Once remote working policies become clearly defined, what else can we do to support employees in this changing environment? A recent study from Google revealed that nearly 68% of employees use one smartphone for both work and personal purposes, while 32% use two smartphones, though not always one for work and one for personal use. The study further noted that the use of one device for personal and work purposes caused a lack of balance. With an increasing number of employees working from home, and a large number of companies announcing hybrid work plans, employees are increasingly juggling work and personal life on a single device. Many are struggling with work-life balance and maintaining privacy, with 70% of responders saying that they would prefer a user interface (UI) on their phones that clearly separates work, personal apps, and data, it is clear that companies and employees alike have a responsibility to create a boundary that protects employee privacy while ensuring their ability to remain productive.

As the industry continues to rapidly evolve, employers that want to connect with top talent may need to reprioritize their company culture. According to Cranberry Panda, “Now, we believe there will be a slight change in how candidates approach the job offer–how a role caters to well-being and mental health is going to be a huge trend.” They go on to say that “lack of socialization and inability for employers to gauge wellbeing of remote employees can be problematic. It is difficult to get social cues on a Zoom call. More wellbeing checks will be necessary moving forward if workers continue to stay remote.” Unfortunately, 54% of the survey’s respondents predicted that this will be a major challenge in the year ahead.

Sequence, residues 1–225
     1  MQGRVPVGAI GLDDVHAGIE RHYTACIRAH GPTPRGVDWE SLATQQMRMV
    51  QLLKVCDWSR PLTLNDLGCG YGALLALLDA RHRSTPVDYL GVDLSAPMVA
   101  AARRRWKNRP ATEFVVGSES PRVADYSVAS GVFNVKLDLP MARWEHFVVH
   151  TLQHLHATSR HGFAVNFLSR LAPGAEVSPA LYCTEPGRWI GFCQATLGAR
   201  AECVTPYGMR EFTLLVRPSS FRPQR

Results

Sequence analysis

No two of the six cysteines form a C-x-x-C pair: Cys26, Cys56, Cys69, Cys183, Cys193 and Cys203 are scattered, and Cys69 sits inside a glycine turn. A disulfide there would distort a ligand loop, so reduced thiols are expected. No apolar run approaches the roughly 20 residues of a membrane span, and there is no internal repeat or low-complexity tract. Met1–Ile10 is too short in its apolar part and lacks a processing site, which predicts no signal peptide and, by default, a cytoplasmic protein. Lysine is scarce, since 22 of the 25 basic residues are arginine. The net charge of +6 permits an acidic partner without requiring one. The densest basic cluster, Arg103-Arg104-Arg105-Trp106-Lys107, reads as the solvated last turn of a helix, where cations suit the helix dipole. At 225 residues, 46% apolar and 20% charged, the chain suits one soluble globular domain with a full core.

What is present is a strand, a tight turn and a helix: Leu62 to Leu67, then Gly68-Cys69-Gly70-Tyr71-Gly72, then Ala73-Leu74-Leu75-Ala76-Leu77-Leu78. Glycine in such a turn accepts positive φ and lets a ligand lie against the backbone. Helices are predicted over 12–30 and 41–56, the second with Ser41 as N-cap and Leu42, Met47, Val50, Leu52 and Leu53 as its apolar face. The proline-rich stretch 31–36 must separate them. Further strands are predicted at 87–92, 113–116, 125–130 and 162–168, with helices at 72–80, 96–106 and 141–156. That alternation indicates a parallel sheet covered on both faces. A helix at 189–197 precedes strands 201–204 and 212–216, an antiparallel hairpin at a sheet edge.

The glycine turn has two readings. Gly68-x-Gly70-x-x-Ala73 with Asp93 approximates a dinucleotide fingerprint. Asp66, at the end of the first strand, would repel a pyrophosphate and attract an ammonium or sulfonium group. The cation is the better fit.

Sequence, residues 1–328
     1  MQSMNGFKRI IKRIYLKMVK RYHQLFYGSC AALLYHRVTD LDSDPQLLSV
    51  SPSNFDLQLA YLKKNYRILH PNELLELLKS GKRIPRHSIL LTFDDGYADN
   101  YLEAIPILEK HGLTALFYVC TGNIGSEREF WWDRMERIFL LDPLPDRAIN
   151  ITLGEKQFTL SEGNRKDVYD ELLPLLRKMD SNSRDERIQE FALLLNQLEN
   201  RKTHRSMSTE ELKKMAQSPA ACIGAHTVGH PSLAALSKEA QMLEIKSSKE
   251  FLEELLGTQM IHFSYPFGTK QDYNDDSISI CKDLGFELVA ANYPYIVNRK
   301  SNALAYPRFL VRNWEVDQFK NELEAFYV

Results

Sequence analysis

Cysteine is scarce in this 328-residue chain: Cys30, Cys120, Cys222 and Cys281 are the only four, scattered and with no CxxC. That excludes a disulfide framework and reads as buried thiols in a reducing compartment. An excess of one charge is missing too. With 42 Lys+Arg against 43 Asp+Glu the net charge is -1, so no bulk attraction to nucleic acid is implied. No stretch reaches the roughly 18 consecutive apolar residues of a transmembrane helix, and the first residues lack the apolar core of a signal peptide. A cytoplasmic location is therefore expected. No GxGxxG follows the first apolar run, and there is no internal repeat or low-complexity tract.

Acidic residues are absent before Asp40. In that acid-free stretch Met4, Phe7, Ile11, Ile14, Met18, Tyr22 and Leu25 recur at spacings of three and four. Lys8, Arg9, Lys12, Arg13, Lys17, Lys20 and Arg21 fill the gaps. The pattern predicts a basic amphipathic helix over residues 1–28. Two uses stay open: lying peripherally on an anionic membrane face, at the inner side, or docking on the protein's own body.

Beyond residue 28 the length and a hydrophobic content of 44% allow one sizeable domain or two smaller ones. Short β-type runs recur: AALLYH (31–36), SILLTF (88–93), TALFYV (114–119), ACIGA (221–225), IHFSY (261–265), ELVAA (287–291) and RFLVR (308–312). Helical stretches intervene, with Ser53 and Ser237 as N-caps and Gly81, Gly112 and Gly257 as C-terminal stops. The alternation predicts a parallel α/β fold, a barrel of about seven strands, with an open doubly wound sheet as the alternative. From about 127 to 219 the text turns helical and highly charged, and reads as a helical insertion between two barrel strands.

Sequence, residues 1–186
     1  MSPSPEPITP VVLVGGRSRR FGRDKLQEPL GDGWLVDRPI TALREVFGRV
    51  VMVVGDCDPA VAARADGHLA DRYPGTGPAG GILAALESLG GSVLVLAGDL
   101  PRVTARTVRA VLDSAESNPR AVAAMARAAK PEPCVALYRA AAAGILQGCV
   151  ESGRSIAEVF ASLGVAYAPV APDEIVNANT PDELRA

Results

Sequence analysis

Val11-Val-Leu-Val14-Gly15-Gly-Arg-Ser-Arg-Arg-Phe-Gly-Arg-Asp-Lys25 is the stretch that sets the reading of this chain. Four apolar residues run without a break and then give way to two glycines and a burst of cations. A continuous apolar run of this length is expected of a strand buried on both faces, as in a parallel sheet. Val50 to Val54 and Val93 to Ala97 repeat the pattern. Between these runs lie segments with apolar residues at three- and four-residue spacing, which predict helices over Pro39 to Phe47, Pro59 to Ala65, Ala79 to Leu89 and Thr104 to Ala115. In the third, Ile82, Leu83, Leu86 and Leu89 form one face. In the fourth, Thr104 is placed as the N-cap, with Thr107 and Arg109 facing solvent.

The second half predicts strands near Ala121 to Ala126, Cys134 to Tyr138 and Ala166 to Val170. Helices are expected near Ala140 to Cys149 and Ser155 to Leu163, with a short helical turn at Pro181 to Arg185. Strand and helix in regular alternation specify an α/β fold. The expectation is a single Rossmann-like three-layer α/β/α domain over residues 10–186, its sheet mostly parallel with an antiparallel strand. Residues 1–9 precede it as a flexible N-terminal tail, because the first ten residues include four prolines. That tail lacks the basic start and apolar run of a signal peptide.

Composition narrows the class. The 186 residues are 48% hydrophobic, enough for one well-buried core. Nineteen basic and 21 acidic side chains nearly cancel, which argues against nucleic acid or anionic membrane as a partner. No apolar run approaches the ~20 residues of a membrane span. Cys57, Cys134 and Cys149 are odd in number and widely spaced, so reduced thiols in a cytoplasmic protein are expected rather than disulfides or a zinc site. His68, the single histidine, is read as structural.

68% of the respondents specified that a focus on employee wellness makes for a good company culture (a notable 24% increase from the previous year). With such a clear majority of workers making it clear that work-life balance and mental health is a top priority, it is obvious that employers have both a massive and immediate responsibility to create a supportive work environment.

In addition to clear company-wide messaging, effective leaders also have a responsibility to highlight the importance of a proper work-life balance: employees need to know that they are supported in creating a healthy life. Feeling safe in prioritizing these boundaries is a huge step towards a healthy and productive workplace, and leaders should also be trained to detect the earlier signs of burnout to further foster emotional support.

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How to Empower your Employees to Have a Good Work-Life Balance

To put a healthy work culture in place, how can companies empower their employees? In a recent article from Agiledrop, they shared six remarkably simple yet effective tips that leaders should encourage from their team members:

  • DO get enough rest and exercise.
  • DO learn how to effectively manage your time.
  • DO something meaningful after you finish work, something that isn’t work-related, to help with your self-actualization.
  • DON’T let work-time creep into your you-time.